It is important to remember that using an open source storage engine does not preclude working with commercial vendors in the OpenStack ecosystem. Jonathan Bryce, executive director of the OpenStack Foundation, explained it this way at the November 2013 OpenStack Summit.

Cutting edge technology from an open source project is being used by some of the biggest companies in the world. How do they get a comfort level deploying this technology? Partners and support from the community, like SwiftStack and others in the ecosystem that have helped Enterprises meet their business needs.

The Swift ecosystem is very active with great development velocity and real diversity. Swift is much larger than what any single storage company could build. Over 166 developers have contributed to the OpenStack Swift codebase. The Havana release of Swift, which included support for global clusters, had top contributors (by patch count) from five different companies: SwiftStack, Rackspace, Red Hat, eNovance, and IBM. With the recent Icehouse release, Intel, Red Hat, and SwiftStack all worked on storage policies for Swift. It’s this ecosystem, in large part, that is driving enterprises to adopt Swift for their production object-storage needs and this ecosystem that will be the reason why Swift continues to succeed.

The Object-Storage Standard

The Swift API is increasingly becoming the API of choice. Terri McClure, senior analyst at Enterprise Strategy Group, notes, “The Swift API has been adopted by or is on the roadmap for most vendors as an object-storage interface, enabling those vendors to serve public, private, and hybrid cloud deployments without concerns about users making proprietary API investments.” Naturally, the biggest cloud operators have APIs that developers use so applications can write to those storage clouds. EMC, Oracle, and Red Hat are a few of the largest vendors who announced support for the Swift API in 2013. This allows their users to integrate with public clouds that run Swift, and leverage private clouds riding the popularity of Swift in private deployments.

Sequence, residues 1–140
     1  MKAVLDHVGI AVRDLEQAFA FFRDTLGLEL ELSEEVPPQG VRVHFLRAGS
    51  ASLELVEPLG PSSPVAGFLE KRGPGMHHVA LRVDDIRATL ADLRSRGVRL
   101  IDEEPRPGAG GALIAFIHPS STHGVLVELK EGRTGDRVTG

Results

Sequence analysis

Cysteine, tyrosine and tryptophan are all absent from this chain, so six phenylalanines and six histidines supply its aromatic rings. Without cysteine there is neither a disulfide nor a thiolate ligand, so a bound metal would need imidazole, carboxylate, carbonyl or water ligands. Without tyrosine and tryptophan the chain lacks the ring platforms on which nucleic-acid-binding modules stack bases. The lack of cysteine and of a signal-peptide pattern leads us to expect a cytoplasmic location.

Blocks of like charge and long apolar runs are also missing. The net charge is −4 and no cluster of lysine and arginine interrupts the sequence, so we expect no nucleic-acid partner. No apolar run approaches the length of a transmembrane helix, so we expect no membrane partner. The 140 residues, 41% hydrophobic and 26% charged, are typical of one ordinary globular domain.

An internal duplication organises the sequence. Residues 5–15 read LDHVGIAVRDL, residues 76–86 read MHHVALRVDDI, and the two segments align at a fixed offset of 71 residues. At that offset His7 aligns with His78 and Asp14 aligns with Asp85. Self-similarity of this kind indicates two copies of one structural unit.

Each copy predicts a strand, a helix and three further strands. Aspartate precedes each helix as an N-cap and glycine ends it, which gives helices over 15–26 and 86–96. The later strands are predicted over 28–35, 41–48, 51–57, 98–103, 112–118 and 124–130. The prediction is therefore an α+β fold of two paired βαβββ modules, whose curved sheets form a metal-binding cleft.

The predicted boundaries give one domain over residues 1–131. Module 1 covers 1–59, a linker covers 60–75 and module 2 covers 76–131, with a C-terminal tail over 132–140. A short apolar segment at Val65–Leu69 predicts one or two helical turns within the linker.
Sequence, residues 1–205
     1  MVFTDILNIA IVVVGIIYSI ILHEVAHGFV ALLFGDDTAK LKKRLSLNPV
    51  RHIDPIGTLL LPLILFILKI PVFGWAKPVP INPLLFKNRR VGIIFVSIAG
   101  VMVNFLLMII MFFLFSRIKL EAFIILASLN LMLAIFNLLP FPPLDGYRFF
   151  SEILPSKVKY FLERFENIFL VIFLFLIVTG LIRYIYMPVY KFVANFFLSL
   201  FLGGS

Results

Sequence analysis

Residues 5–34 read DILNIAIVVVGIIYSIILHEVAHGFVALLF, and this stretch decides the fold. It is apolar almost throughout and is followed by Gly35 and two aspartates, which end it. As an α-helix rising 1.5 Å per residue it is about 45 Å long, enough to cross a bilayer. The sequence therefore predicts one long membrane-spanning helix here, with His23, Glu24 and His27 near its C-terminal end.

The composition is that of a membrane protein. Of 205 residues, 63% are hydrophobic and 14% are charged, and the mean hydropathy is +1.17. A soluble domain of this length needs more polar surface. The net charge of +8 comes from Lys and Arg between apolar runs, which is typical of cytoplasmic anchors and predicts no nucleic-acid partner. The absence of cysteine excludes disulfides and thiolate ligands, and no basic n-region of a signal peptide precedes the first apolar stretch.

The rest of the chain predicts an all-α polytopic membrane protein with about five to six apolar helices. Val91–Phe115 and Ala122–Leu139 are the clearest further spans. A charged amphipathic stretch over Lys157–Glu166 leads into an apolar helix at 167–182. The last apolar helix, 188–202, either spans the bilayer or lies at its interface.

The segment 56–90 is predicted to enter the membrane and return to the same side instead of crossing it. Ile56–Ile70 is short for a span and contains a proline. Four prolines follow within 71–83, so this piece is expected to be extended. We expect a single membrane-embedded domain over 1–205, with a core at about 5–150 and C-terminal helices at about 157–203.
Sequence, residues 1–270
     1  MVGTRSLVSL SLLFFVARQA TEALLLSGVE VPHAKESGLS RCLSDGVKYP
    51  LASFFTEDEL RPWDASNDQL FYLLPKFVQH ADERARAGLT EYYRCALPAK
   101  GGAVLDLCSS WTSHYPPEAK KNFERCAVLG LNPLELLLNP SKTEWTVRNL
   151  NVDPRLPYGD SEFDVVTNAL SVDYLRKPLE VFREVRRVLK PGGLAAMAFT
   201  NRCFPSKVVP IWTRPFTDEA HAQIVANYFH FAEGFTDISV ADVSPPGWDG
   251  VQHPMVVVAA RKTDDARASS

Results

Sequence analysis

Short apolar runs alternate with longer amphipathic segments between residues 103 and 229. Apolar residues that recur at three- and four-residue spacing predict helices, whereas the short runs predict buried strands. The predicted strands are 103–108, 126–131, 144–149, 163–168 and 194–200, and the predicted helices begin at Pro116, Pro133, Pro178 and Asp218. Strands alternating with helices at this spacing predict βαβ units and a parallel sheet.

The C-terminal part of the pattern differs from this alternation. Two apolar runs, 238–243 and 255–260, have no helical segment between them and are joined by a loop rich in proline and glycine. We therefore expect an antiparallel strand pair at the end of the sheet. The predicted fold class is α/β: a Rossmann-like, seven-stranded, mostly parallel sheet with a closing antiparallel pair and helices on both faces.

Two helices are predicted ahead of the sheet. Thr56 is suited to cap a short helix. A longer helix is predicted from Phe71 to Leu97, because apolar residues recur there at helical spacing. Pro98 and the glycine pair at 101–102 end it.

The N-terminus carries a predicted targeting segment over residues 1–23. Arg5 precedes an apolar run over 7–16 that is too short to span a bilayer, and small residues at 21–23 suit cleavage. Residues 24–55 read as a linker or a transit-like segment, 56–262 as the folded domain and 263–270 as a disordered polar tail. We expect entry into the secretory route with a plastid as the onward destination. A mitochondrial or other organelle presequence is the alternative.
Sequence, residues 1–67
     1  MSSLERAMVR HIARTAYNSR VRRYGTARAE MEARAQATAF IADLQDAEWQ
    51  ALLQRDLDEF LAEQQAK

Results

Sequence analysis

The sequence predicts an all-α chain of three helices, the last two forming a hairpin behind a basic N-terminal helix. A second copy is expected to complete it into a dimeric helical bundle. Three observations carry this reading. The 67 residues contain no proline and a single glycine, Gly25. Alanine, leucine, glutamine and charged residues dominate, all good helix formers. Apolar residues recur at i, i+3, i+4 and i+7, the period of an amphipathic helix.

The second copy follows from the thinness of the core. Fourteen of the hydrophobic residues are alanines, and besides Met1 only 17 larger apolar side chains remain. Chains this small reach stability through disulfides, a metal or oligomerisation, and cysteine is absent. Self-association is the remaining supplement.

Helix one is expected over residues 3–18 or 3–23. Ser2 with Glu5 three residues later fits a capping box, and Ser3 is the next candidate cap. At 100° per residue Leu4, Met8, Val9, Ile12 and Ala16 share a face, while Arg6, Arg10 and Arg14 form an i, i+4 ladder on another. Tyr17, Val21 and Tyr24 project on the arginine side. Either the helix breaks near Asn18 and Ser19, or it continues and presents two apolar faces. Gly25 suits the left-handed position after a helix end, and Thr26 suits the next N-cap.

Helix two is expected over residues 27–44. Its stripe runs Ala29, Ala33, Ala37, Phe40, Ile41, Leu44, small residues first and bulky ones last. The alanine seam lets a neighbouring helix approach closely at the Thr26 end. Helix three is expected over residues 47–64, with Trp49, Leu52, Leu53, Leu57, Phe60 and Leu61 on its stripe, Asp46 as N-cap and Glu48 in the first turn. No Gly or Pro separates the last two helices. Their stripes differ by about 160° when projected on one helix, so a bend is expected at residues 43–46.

We predict that the future will further cement Swift as the standard for object storage.

Now It’s Your Turn

Now it’s your turn—in two ways. First, it’s your turn to start applying and working with Swift, SwiftStack, and anything else that you’re integrating with. We hope that this process will be satisfying and fulfilling. There’s a great community of Swift operators and developers you can turn to for help. And we’re always happy to hear from you ().

Second, it’s your turn—if you wish—to share with us your comments, feedback, and suggestions. We’re planning to produce a second edition of this book and we’re very interested in your sense of what we need to correct or add. Thanks, in advance, for helping us create a resource that will serve you better. You can share comments and feedback by visiting this book’s website.

Thanks and we look forward to hearing from you, working with you, or just seeing you around.